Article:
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You’ve heard of the old debate about what happens when an irresistible force meets an immovable object? Well, since that question is unanswerable, starting as it does from a logically impossible premise, I won’t be tackling it. I will, however, try my hand at a similar, but considerably more geeky question: Who would win a fight between a Star Wars stormtrooper and a Star Trek redshirt?
Now, you may (rightly) point out that this isn’t really a Great Geek Debate, but I would point out that, darn it, it should be one. It ties neatly into the Star Wars vs. Star Trek debate and into the classic thought problem mentioned above, and, besides, it’s fun! It’s also probably the most valid comparison between the two universes, since none of the major characters in either have clear parallels in the other.
So, on one side of this battle we have a stormtrooper. All stormtroopers are dressed in white armor even in environments (everywhere but Hoth-like places, really) where this makes them stick out like a sore thumb. This armor has significant downsides for its wearer: It weighs him down, makes him too loud to be able to sneak up on anyone, and makes it hard for him to see (Luke even comments on this when dressed as one). These disadvantages might be acceptable if the armor were at least mildly effective, but a single shot from any blaster — the most common weapon they are likely to encounter — goes right through it. And of course, as everyone knows, stormtroopers are such terrible shots that the safest place to be is wherever they’re aiming. I laugh every time I watch the original Star Wars and get to Obi-Wan’s line “Only Imperial stormtroopers are so precise.”
On the other side we have a redshirt. Redshirts are the hapless Enterprise crewmen who exist only to beam down with the main bridge crew so that someone can be killed, so that, in turn, Captain Kirk can have something to over-emote about. This happens with such regularity that one is forced to wonder whether there is a specific course at Starfleet Academy called “How to Die Before the Opening Credits.” Or perhaps it is simply a case of Darwinian natural selection, in that any crewman unable to compute the likely outcome of a mission on which the away team consists of Kirk, Spock, McCoy, Sulu and himself deserves to be weeded out of the gene pool. And why would any crewman agree to wear a red shirt? Indeed, if Scotty and Uhura didn’t also wear red, one would be forced to wonder whether the color red had some mystical power in the Star Trek universe to attract fatal shots, animal attacks, falling rocks, etc. (This power would no doubt be explained as a result of a sub-phase transposition field.)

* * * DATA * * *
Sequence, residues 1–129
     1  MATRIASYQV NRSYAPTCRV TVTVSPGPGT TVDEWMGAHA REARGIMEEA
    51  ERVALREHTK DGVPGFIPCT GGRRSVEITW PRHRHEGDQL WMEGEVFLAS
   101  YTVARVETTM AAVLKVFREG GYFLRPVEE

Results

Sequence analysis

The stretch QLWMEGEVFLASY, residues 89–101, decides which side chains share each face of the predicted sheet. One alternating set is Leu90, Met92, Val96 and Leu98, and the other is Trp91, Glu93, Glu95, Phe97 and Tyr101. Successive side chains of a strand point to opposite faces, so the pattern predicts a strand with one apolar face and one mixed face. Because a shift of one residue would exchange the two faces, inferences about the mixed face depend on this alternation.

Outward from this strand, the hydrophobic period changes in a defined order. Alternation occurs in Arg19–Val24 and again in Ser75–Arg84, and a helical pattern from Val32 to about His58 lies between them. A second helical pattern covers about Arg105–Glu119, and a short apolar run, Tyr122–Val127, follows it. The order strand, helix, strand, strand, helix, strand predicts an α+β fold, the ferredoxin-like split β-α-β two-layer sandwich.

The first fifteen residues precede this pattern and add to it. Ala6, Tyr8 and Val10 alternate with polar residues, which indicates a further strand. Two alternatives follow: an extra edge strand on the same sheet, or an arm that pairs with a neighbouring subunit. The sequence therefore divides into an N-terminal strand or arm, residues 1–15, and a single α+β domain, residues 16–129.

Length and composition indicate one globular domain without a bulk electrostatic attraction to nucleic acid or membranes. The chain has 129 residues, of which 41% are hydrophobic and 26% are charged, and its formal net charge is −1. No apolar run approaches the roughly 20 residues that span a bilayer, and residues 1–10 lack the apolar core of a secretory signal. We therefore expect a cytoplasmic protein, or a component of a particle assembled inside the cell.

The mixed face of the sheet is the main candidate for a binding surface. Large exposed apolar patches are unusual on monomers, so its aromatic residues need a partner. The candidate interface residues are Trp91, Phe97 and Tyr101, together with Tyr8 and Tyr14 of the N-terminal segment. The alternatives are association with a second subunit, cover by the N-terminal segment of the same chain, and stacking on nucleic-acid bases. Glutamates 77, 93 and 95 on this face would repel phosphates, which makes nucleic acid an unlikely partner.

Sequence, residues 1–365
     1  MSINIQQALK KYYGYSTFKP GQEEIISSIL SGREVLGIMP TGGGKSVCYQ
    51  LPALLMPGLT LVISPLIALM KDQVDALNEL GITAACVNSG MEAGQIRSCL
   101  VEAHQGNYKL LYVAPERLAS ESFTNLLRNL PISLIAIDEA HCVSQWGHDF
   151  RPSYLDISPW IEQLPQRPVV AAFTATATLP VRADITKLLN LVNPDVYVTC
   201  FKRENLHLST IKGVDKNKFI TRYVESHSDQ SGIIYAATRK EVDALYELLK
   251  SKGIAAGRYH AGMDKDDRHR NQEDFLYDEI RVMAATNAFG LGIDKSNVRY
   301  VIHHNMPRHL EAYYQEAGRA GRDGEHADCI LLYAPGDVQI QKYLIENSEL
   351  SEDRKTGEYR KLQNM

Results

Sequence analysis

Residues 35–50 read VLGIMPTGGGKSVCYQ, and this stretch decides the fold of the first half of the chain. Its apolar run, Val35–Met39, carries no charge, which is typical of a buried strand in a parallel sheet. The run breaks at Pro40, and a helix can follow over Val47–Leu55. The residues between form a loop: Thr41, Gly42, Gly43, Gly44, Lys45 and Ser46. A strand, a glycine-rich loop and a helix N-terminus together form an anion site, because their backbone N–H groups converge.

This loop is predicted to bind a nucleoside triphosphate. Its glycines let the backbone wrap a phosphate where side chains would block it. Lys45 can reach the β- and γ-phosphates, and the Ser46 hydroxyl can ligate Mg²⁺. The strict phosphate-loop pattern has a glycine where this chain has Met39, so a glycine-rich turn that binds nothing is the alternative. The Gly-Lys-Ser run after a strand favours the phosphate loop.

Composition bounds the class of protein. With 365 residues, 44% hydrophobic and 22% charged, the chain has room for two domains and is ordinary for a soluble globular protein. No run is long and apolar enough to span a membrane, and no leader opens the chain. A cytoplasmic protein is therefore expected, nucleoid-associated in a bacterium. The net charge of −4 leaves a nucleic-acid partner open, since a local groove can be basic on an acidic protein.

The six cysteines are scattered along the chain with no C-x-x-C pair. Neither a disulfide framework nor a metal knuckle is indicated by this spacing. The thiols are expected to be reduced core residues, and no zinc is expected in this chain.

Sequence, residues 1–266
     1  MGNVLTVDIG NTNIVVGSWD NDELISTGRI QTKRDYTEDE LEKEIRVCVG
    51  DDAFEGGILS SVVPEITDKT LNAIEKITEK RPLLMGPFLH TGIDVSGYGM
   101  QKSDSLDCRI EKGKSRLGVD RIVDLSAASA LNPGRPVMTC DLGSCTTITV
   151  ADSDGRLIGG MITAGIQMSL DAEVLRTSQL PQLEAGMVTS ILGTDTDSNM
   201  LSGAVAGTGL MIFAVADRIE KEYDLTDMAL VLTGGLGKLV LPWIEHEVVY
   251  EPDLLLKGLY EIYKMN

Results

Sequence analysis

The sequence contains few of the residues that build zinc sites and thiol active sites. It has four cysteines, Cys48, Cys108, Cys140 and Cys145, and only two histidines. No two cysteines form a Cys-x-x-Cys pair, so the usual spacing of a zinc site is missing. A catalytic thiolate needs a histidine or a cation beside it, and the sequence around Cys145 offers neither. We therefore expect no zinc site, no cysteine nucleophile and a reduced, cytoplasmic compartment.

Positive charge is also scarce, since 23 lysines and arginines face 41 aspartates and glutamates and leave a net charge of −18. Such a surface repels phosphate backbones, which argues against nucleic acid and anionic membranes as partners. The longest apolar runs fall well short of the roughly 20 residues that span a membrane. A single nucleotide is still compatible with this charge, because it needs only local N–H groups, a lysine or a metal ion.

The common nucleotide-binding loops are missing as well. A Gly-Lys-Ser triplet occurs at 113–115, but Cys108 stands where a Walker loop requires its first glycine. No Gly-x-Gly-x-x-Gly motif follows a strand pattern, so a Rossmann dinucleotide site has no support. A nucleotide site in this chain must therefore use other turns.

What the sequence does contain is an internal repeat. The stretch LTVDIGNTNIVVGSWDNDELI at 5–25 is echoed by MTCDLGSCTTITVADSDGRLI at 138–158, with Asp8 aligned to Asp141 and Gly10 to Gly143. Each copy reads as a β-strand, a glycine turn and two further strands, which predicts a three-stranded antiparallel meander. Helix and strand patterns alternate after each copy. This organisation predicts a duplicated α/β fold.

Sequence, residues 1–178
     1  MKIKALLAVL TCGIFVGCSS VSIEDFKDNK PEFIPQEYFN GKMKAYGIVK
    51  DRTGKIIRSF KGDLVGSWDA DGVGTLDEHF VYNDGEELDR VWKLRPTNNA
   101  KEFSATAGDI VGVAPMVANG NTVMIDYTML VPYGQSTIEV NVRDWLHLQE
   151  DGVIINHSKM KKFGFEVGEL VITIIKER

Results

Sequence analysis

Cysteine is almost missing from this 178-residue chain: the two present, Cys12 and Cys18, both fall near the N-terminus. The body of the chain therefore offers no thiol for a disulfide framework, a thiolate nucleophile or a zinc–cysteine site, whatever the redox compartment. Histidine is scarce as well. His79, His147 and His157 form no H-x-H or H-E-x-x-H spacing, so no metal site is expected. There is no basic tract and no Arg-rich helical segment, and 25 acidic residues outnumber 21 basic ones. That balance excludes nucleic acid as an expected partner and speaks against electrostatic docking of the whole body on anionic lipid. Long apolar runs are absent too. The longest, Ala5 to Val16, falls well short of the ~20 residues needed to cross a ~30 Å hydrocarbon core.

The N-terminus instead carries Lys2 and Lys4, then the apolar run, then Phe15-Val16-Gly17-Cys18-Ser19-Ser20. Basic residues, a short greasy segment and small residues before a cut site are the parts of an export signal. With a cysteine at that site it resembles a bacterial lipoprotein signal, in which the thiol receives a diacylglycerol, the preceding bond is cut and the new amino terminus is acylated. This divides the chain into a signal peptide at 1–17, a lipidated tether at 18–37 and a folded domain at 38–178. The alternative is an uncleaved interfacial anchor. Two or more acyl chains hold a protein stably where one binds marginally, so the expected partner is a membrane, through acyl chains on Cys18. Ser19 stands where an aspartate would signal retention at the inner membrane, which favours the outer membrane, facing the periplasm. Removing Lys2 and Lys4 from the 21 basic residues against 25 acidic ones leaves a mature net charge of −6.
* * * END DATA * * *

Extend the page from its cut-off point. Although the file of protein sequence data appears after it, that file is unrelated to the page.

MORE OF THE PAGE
Here’s the conundrum: Who would win this fight between a man incapable of hitting his target and a man capable of being killed by any shot? In order to make it interesting, we must assume that the fight takes place in an arena containing nothing else capable of killing the participants, for otherwise the redshirt would surely find another way to die before the stormtrooper found a way to kill him. Now, redshirts do occasionally manage to get a good phaser shot off before they snuff it, so that works in the redshirt’s favor. Also in the redshirt’s favor is the open question, much like the classic tree falling in the forest, as to whether a redshirt can die if Captain Kirk is not around to over-emote about his death. (And, I suppose, if Bones isn’t around to say “He’s dead, Jim.”) Truly, the only factor in the stormtrooper’s favor is the innate ability of a redshirt to turn life into a fighting chance to die, to paraphrase Dr. McCoy.
I’m inclined to think that, should a redshirt succeed in throwing himself into the path of a stormtrooper’s blaster bolt, which is quite possible considering how slowly the bolts move, the stormtrooper might well be so surprised at having actually killed someone that he would suffer a heart attack and die, too. Indeed, the stormtrooper’s best hope is likely a draw, either that way or by the redshirt successfully killing him and then finding some way of killing himself — there’s always the good-old accidental phaser overload, if nothing else works. Since that won’t always be the case, I’m going to have to give this, by a slim margin over a draw, to the redshirt.
What do you think? Please take the poll below and feel free to elaborate upon your answer in the comments.